Leaders should be sharing company OKR updates on a regular basis with the entire organization. It’s important that everyone in the company knows exactly what the company’s goals are and how they are doing at reaching them. This can be accomplished by discussing company goals and objectives at team and company-wide meetings. Let your teams know what the company is thinking, why you made the shifts you did and what you want the results to be. At the end of the quarter and/or year, it’s also important to discuss as a company what went well, what didn’t and how you will move forward. These conversations encourage collaboration and communication to make sure everyone is on the same page. We also recommend companies develop an internal training document that describes why the company is using OKRs and how they use them. This is a helpful tool for new employee onboarding and general references.
Regular 1:1s between managers and individuals assure that employees are staying on the right track with their goals. Managers and direct reports can decide which cadence works best for them, whether it’s weekly or biweekly. These 1:1s should be framed with OKRs so that the meeting doesn’t get sidetracked with less important tasks. These meetings should encourage a transparent environment where employees feel comfortable talking about their goal progress. This is a good opportunity for managers and employees to talk about what’s going well and what’s not, so that at-risk OKRs can be addressed in an efficient manner.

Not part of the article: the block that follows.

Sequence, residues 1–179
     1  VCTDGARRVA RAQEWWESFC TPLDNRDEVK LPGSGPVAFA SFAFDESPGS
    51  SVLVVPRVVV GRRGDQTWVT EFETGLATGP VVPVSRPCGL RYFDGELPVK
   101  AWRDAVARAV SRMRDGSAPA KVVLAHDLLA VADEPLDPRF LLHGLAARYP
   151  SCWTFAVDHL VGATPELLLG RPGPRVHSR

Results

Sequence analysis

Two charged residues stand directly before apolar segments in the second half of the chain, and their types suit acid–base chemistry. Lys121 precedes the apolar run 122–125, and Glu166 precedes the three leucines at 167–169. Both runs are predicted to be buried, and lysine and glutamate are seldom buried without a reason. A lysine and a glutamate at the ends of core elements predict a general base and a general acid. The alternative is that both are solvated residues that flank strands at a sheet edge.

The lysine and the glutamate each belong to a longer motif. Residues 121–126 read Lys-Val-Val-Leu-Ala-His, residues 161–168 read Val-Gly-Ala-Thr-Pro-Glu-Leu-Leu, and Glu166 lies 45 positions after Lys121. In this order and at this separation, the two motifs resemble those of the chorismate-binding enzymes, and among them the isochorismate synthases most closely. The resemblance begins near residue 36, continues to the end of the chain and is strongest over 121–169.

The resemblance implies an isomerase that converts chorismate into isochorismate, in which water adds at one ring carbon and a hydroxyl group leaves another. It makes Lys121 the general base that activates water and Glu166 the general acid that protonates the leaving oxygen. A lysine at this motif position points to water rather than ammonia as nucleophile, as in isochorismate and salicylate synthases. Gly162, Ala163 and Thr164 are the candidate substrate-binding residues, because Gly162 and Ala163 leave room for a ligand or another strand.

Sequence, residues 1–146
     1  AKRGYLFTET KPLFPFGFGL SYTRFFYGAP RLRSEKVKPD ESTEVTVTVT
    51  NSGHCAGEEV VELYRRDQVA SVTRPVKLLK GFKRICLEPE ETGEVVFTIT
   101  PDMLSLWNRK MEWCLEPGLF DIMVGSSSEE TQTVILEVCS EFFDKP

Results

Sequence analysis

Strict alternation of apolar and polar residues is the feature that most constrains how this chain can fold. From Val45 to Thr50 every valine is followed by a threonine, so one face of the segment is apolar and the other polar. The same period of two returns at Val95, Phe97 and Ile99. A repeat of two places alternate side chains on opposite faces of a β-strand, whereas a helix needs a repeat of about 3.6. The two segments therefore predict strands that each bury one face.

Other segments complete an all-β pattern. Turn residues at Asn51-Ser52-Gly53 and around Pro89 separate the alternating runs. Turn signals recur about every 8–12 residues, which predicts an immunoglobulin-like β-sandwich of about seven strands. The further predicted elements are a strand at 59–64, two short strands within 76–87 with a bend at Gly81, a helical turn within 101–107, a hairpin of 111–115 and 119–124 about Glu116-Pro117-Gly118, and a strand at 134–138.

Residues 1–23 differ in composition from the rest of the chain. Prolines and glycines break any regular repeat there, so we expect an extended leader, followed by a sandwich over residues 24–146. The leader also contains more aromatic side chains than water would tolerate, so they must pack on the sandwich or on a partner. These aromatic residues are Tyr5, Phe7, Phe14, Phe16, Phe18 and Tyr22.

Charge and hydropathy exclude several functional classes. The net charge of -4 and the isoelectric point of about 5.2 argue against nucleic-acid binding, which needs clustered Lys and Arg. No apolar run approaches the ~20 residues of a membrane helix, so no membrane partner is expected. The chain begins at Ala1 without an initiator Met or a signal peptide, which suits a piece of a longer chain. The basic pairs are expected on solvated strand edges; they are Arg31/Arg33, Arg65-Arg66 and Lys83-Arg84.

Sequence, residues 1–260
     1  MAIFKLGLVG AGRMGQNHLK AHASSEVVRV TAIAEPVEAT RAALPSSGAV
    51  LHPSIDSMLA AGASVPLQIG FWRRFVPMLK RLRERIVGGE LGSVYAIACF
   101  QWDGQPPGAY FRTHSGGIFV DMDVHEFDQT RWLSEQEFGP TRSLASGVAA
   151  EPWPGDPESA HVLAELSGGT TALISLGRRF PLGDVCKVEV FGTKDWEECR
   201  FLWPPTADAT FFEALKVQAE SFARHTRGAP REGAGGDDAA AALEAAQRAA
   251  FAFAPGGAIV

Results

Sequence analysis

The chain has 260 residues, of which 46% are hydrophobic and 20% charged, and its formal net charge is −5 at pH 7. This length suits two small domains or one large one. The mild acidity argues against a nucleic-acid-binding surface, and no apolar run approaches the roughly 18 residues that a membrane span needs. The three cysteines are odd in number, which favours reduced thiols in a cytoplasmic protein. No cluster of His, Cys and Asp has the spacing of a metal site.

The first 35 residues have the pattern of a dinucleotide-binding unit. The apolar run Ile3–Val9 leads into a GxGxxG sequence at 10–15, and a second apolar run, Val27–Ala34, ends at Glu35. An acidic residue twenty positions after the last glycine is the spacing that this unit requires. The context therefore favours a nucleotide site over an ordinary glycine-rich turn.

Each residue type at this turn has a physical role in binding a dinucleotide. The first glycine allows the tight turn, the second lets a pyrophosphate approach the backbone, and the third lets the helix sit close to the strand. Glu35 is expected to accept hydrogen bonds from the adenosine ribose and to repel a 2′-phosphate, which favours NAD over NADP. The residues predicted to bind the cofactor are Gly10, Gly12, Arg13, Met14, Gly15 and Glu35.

Commitment and reinforcement are vital to the success of an OKR program. There’s a lot that goes into making OKRs work, but when they do work, it’s easy to see why global companies like Google and Microsoft use them.
Here are a few ways to make sure you’re on the right track:
If this is your first time rolling out OKRs, remember that almost no one is perfect on the first try and that commitment and iteration is key. Our customer success team is also here to help.